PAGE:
Newsdeck

SAA granted interdict against striking cabin crew

By News24 26 April 2017

Johannesburg – The Johannesburg Labour Court has granted SA Airways (SAA) an interdict against striking SA Cabin Crew Association (Sacca) members.

Michael van As, for SAA, appeared briefly in the court before the matter was postponed until June 23.

Sacca failed to meet a deadline of 13:00 to challenge the interdict.

The SAA applied to have its striking cabin crew staff return to work immediately.

SAA’s affidavit said that the strike was unprotected and it requested that an order be granted by the court to restrain employees from participating in the strike.

The application also requests that an order be made for Sacca to restrain from encouraging and promoting participation in the strike.

Sacca asked the court for a delay to file its own court papers to challenge the SAA application. They however failed to meet this deadline.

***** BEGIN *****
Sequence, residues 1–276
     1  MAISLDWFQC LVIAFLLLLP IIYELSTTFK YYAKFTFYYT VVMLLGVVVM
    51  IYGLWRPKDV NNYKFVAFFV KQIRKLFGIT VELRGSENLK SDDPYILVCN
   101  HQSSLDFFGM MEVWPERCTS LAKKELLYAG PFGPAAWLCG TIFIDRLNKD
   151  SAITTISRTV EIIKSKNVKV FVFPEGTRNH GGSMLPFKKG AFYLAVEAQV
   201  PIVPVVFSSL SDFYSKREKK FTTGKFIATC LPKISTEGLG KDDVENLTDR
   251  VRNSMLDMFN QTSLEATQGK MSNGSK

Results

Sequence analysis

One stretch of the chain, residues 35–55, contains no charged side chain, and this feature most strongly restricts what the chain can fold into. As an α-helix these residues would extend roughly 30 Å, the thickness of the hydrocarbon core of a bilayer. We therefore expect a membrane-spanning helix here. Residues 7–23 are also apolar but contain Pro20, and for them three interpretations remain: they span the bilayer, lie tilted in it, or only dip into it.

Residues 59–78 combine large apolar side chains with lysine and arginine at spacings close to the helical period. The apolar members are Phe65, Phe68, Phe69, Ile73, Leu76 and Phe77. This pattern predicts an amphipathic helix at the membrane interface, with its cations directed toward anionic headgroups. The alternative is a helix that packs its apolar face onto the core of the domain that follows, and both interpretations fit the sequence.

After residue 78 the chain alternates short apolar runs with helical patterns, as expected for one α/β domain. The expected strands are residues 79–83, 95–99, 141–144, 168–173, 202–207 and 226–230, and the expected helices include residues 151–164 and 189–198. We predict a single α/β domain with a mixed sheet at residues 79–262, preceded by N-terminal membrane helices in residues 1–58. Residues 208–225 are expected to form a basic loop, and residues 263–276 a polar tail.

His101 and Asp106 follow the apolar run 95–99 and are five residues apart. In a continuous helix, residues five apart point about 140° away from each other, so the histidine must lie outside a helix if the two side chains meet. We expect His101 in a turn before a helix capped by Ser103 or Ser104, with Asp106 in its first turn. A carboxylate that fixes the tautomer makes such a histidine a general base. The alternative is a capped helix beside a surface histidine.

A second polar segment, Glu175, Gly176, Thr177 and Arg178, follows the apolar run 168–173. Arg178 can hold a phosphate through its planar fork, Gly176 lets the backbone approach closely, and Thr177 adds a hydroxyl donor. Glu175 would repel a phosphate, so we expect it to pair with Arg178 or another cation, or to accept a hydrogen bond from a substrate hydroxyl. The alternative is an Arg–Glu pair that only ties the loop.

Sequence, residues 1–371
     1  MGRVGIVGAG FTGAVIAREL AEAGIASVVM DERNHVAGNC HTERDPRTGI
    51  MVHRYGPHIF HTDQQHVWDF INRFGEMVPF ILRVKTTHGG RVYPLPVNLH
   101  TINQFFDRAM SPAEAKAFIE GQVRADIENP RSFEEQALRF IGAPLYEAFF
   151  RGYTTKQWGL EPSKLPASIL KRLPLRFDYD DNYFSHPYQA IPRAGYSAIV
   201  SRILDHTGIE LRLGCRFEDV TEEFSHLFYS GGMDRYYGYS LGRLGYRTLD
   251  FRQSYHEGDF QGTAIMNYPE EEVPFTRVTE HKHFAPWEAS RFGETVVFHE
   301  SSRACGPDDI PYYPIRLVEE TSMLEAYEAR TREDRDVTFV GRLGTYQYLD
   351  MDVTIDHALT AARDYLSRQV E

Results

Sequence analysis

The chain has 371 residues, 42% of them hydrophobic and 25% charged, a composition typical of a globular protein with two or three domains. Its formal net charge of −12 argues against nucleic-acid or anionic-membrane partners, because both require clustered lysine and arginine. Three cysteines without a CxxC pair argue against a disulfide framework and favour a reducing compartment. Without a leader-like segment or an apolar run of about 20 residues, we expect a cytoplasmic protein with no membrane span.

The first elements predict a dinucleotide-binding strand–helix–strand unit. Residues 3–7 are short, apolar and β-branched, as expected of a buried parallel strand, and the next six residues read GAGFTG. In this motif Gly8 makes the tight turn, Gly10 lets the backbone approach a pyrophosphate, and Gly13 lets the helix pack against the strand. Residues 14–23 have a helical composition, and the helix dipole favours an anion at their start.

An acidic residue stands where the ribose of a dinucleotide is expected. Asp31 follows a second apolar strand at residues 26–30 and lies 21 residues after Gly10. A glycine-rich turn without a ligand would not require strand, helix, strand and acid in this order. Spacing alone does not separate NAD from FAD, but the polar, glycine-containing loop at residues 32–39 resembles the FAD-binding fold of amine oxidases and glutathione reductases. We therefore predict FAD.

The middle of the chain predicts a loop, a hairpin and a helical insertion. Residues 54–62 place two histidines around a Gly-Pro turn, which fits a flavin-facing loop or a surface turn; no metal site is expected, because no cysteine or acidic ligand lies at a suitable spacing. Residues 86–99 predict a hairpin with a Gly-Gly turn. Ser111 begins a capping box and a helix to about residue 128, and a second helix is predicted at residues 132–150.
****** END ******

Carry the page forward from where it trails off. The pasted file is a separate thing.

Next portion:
Passengers booked to travel with SAA were advised that the airline’s cabin crew were on strike and picketing outside the SAA offices at OR Tambo International Airport, Traveller24 reported.

The airline received a notification of intent to strike on Tuesday.

While negotiations are underway regarding meal allowances for cabin crew, the airline stated on Tuesday it was “doing everything possible to find common ground and/or a settlement on matters”. It is also putting procedures in place “to support any service disruptions”. DM

Gallery

While we have your attention...

An increasingly rare commodity, quality independent journalism costs money - though not nearly as much as its absence.

Every article, every day, is our contribution to Defending Truth in South Africa. If you would like to join us on this mission, you could do much worse than support Daily Maverick's quest by becoming a Maverick Insider.

Click here to become a Maverick Insider and get a closer look at the Truth.


ANALYSIS

SABC job cuts: Lest we forget – the ANC fiddled while Hlaudi was burning the national broadcaster

By Marianne Thamm

Whale stress levels dropped dramatically after 9/11 due to reduced ocean-borne shipping. This was measured by analysing said whales' droppings.